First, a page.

Shopping smarter at the supermarket

Shopping smarter at the supermarket

As the cost of living creeps ever higher, one place it can really start to bite is in your supermarket trolley. Here are a few simple tips to cut the cost of your weekly shop, that may help speed up the road to financial freedom.

Never shop when you’re hungry

You’ve probably heard this a million times, but that doesn’t make it any less true. If you shop when you’re hungry, you’re an easy target for all the supermarket’s little tricks to get you to spend more.

It’s much easier to avoid buying that heavily promoted family pack of Tim Tams when your stomach isn’t rumbling.

Even better, shop online
Shopping online is great because you don’t have to navigate the cleverly designed supermarket layout, with tantalising offers displayed at every turn. This makes it much easier to stick to your shopping list.

If you shop online regularly, it’s well worth paying for a delivery pass, which grants you unlimited deliveries for a set period, like six months. This can save you a lot in delivery fees.

Buy in bulk when it makes financial sense
You can usually save a lot by buying your non-perishable goods (like rice or dishwasher tablets) in bulk. But this rule is not universal - so make sure you check the cost per 100g first.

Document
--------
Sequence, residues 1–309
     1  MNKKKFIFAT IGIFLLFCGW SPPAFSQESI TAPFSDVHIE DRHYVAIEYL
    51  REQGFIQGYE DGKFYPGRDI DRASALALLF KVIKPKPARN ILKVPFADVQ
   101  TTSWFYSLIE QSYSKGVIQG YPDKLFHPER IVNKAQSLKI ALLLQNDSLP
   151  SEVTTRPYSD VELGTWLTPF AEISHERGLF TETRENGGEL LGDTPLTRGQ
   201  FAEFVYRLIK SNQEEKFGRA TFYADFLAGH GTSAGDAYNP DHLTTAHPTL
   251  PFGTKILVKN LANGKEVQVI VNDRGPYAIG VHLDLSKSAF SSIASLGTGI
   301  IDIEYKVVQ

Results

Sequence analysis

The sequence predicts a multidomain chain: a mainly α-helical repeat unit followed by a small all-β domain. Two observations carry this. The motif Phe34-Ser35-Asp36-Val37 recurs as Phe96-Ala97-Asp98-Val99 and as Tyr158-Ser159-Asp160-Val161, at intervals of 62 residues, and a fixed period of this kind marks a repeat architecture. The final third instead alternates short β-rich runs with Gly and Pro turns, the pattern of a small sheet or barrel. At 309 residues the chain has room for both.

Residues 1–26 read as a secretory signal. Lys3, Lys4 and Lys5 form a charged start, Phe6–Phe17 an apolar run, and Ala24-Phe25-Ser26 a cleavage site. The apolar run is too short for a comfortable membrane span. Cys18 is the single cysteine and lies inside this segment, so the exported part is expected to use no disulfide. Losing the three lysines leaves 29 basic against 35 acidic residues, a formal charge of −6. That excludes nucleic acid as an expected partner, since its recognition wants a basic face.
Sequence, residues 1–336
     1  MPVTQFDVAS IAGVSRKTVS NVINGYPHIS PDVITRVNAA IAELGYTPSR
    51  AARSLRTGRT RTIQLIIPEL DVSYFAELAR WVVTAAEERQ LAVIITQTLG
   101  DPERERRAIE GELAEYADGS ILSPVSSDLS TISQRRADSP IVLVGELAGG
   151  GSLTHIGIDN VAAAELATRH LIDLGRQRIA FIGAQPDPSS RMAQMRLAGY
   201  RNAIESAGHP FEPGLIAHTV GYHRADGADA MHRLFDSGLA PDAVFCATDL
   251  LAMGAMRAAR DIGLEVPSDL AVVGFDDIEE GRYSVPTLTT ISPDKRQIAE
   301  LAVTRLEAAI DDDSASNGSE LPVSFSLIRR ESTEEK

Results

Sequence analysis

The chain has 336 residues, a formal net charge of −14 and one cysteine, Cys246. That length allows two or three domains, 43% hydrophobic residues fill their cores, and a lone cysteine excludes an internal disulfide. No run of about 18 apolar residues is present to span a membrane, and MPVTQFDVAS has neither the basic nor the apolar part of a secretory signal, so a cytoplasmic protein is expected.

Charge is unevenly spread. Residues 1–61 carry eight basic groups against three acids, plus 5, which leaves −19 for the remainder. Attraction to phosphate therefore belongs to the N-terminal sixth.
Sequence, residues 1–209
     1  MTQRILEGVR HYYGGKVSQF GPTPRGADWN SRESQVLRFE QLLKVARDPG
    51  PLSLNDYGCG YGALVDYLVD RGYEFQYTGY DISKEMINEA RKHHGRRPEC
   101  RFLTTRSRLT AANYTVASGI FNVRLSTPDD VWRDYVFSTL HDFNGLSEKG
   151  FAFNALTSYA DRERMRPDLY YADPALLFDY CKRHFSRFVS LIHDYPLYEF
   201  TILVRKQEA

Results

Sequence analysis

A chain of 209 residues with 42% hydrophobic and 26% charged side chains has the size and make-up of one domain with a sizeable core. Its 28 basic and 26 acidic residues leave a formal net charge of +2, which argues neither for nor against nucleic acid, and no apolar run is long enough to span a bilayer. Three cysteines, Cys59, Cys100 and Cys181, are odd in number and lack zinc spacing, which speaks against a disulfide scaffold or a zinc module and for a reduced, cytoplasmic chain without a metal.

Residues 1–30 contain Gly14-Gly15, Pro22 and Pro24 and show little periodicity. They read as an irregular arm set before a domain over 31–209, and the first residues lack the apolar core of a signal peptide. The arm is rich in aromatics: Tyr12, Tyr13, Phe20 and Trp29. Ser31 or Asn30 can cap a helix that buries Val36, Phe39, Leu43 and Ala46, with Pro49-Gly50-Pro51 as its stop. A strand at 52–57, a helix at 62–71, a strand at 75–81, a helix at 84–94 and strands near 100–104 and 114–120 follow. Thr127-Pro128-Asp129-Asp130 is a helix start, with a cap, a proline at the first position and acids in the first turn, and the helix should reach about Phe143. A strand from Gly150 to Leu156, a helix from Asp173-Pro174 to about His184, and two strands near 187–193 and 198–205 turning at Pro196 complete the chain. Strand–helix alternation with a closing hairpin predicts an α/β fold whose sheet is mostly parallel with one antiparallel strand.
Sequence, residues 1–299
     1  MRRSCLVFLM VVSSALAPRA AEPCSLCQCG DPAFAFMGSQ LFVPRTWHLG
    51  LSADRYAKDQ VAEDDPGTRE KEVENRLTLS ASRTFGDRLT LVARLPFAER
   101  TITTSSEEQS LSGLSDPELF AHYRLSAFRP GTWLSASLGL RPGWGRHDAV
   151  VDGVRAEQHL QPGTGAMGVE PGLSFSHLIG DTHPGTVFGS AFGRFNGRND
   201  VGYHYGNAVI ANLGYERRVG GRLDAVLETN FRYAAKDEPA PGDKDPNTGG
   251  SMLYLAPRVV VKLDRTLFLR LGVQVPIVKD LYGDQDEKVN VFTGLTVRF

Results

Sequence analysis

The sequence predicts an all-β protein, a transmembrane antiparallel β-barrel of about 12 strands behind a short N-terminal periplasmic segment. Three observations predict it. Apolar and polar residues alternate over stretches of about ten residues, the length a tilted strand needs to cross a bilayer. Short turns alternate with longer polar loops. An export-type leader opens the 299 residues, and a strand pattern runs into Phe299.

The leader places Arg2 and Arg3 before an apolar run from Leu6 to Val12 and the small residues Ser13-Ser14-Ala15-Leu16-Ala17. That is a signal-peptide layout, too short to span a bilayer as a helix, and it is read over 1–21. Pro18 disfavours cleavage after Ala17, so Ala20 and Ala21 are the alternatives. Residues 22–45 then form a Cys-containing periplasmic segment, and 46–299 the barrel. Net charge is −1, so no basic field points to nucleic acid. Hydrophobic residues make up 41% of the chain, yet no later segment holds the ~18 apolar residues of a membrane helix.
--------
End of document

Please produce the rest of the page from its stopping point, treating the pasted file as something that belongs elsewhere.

It’s also worth visiting the bulk bins for dried goods - when you eliminate the packaging and branding, the goods are generally substantially cheaper.

Grow your own herbs and salad greens
Salad greens and herbs are some of the most overpriced products in the supermarket. They are also super easy to grow, even if you don’t have a lot of outdoor space. You can grow salad leaves and herbs successfully in pots.

The other great thing about growing your own salad leaves and herbs is that you only pick what you need, so there is no waste. And you know what you’ve picked is fresh.

Eat less meat and bulk up your meals with vegetables
Meat is probably the most expensive item on your shopping list. Could you make a bolognese sauce with half the usual amount of mince and add extra vegetables to make up the volume?

Eating this way is not only economical but also better for you. Win win.

Plan your meals for the week
If you’re not planning your meals, you’re really just putting random items in your trolley and hoping for the best. Planning your meals is a great way to buy only what you need and cut down on food waste.

Shop in season
Did you know a single capsicum can cost as much as $6 when it’s not in season? Review your recipes and substitute seasonal vegetables for out-of-season ones. And if you can’t find a satisfactory substitute, try a different recipe.

Write a list and stick to it
If you do a thorough audit of your cupboards and write a list of everything you need before you leave home, you won’t fall prey to those strategically-placed impulse buys on your way around the supermarket.

You also won’t be accidentally buying things that you already have, because you didn’t check the cupboards before you set out.

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